Czech Fried Meat Patties aka Karbanatky refers to Czech patties which are made of ground meat which is then breaded and fried. They are made in many European kitchens and have many different names. For the Danish they are known as Frikadeller. In Germany, they are known as Frikadellen, Buletten, Fleischküchle or Fleischpflanzerl. In Austria they call them Faschierte Laibchen. In Hungary they are known as Fasirt and people recognize (and eat) them in Russia, Norway, Denmark, the Faroe Islands, Poland, Estonia, Ukraine, the Netherlands, Lithuania and even in South Africa, where they form part of the Afrikaner culinary heritage.
In other words, fried meat patties are a global food and it’s probably because they are so darn tasty!
There are numerous variations that exist but traditionally they are made of minced meat which can be pork, beef or veal and chopped onions, eggs, milk and bread or bread crumbs. They are then formed into patties or balls, covered in more bread crumbs and pan fried in lard or oil.
They are a main dish and are usually served with potatoes which can be boiled, mashed or smashed and a vegetable.
They make a good hearty dinner and the next day, they can be served cold, sliced thinly as a base for open face sandwiches on rye bread. Czechs make these as much as Germans make Schnitzels and they are very popular served with cold potato salad at parties, potlucks and picnics.
Hot or cold, lunch or dinner – we love them!
I have a bit of a different take on these because we don’t eat beef but all of our friends and family who have eaten them like this absolutely love them.
- 1 pound ground pork
- 1 pound ground turkey
- 1 large onion, finely chopped (you may want to saute this until it’s clear in a separate pan before you begin – that’s what I do if I have time.)
- 4 cloves of garlic, crushed
- 4 sliced rye bread (or any bread)
- 3/4 cup milk
- 1/2 cup bread crumbs
- 1 egg
- 1 Tbsp Worcheshire Sauce
- 1 tsp of marjoram
- salt and pepper to taste
- 1 cup breadcrumbs for coating
- lard, shortening or vegetable oil for frying
You may want to saute the onions in a separate pan, first. I like them soft in the meat.
Cube the bread and soak it in the milk, stirring every now and again so it is good and soggy.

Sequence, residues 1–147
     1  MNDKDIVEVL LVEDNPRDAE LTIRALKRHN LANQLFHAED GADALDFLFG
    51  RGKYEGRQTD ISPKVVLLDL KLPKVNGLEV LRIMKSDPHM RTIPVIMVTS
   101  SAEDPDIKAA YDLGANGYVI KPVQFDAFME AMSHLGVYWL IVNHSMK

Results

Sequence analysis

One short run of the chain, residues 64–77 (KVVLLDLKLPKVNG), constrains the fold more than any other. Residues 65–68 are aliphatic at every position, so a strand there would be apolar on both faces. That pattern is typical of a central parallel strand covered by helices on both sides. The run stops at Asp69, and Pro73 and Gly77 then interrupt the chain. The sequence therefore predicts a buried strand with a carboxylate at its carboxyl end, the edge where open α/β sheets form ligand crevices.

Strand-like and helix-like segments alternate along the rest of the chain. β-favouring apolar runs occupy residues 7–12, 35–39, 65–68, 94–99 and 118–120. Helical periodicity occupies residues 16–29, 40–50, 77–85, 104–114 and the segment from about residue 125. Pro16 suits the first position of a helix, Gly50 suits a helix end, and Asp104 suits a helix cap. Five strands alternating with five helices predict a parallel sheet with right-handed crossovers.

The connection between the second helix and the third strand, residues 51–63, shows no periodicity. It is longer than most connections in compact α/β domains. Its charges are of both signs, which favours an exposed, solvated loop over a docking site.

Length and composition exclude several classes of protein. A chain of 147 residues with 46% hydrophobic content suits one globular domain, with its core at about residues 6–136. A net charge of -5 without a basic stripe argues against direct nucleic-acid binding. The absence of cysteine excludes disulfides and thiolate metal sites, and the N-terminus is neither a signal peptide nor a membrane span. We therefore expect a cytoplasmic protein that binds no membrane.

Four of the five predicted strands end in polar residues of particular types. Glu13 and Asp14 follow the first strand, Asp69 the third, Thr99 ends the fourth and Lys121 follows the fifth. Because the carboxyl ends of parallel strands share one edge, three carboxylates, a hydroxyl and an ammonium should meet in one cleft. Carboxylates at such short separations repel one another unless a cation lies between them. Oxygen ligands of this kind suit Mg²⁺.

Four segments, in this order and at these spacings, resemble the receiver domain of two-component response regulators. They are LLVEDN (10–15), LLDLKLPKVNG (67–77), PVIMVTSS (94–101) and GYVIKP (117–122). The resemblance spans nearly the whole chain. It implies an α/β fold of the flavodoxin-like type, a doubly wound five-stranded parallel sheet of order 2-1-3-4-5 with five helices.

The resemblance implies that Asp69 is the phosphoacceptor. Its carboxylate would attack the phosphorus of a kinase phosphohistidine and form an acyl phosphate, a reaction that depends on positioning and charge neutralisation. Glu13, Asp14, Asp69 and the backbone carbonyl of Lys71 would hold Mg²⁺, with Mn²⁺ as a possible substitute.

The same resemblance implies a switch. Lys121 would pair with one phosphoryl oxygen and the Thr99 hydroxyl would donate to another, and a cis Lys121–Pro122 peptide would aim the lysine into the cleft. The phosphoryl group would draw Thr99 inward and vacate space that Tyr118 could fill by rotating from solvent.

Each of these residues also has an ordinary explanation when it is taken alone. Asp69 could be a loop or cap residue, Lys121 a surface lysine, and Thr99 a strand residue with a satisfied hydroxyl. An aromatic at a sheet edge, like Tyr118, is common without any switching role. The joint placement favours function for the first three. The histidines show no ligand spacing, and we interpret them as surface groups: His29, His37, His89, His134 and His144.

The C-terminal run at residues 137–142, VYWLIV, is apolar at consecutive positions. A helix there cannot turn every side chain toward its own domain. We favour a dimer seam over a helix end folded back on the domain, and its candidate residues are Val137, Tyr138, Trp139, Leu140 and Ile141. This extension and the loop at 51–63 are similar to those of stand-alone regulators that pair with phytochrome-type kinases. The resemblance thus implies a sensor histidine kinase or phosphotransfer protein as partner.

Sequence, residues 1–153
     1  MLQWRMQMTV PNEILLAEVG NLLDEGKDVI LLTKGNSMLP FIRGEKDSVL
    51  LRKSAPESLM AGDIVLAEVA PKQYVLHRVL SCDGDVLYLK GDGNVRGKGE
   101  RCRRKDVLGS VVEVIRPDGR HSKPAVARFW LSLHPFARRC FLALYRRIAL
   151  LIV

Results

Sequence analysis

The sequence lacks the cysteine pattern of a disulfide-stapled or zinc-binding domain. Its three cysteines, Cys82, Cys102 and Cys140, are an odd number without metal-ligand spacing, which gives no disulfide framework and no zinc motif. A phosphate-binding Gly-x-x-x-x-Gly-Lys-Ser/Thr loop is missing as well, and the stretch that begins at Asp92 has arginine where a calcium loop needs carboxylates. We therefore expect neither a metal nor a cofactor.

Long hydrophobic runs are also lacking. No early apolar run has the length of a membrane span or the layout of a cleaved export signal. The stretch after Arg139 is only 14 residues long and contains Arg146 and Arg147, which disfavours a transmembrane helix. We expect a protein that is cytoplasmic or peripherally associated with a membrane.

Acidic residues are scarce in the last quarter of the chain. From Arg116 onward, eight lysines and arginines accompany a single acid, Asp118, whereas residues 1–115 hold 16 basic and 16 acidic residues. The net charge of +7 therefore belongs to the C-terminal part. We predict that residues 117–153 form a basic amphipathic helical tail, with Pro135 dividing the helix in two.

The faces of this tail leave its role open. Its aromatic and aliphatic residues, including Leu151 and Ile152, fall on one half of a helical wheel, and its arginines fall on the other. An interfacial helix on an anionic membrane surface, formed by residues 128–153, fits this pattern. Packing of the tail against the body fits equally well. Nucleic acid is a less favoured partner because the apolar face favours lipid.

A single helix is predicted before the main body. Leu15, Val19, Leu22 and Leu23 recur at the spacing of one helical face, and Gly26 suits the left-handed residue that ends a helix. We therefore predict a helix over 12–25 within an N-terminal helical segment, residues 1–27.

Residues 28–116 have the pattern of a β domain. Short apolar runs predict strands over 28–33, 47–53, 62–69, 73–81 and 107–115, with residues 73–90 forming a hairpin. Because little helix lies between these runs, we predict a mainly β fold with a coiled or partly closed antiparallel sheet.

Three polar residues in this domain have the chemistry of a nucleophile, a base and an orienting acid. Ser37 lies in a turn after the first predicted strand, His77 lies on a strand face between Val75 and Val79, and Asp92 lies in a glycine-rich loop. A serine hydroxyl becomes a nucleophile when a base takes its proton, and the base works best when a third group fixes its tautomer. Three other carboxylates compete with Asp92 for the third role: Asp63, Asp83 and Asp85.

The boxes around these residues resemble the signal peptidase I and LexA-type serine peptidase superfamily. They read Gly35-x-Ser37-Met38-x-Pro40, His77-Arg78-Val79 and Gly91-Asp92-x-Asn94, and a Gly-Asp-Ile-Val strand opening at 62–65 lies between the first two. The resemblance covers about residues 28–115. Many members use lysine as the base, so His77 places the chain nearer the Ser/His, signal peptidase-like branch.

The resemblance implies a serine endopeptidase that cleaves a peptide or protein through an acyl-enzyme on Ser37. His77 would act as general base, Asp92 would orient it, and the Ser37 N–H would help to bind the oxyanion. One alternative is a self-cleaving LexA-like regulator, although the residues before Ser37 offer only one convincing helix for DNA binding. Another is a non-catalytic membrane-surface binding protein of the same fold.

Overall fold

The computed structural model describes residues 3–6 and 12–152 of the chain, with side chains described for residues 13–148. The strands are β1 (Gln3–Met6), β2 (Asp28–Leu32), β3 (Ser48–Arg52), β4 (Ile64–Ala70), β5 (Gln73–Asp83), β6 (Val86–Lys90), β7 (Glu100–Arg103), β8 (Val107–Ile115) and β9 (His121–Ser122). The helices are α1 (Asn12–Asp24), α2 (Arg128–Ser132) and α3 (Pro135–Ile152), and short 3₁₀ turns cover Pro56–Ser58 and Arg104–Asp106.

Mix the first 11 ingredients together. Forget the wooden spoon, get your hands in there and mash it all together. The more you work it, the better the meat patties will taste. Really.
You may have to add breadcrumbs to the mix to have a better texture if it’s too ‘wet’.
Then shape it into patties, balls or whatever other shape you like and bread on all sides and place into the hot oil.
When making patties, I cook them about 8-10 minutes on each side on medium heat.
We like them well, so I pull them off the oil, drain them a few minutes and then put them into the oven while I clean up and finish off the mashed potatoes.
That extra 10-15 minutes in the oven just does something magic to them.
Mmmm, mmmm, good.
Look at the caramelization on those veggies.
And you’re probably wondering what those dots are in our mashed potatoes…
Well, I am going to tell you.
Are you ready for our yummy mashed secret?
I took 5 large potatoes, peeled them and cubed them. Then I boiled them in water for 30 minutes. I drained the water and added salt, 1 stick of butter, 1/2 cup of milk and 1 tsp. of whole mustard seed mustard. For whatever reason, the mustard seeds make the mashed potatoes taste extra awesome with Karbanatky, so I make it this way with this meal each time. Obviously this is not your typical Czech mashed potato – but we like it.
Roasted Root Vegetables
I take out a large baking pan and any root vegetables I have. In the photo you are looking at 3 beets, 3 turnips, 5 carrots and 4 parsnips. Other times I add onions, garlic cloves, or celery – it just depends on my mood. I place some olive oil in the pan and wash, peel and chop the vegetables and place them in the pan on the oil. I like them plain, with only salt and pepper as root vegetables release a sweet goodness when they cook and I don’t think they need any other spice, but I have added marjoram, thyme, rosemary and/or sage. It really depends on your personal taste. I put this in the oven before I begin the Karbanatky – so it bakes at 350 for about 40-45 minutes. I turn them 2-3 times during the process and I like them when they get that sweet glaze on them and are a little on the drier side. Yum!
So what do you think of our take on this yummy classic?
Try it and let us know…
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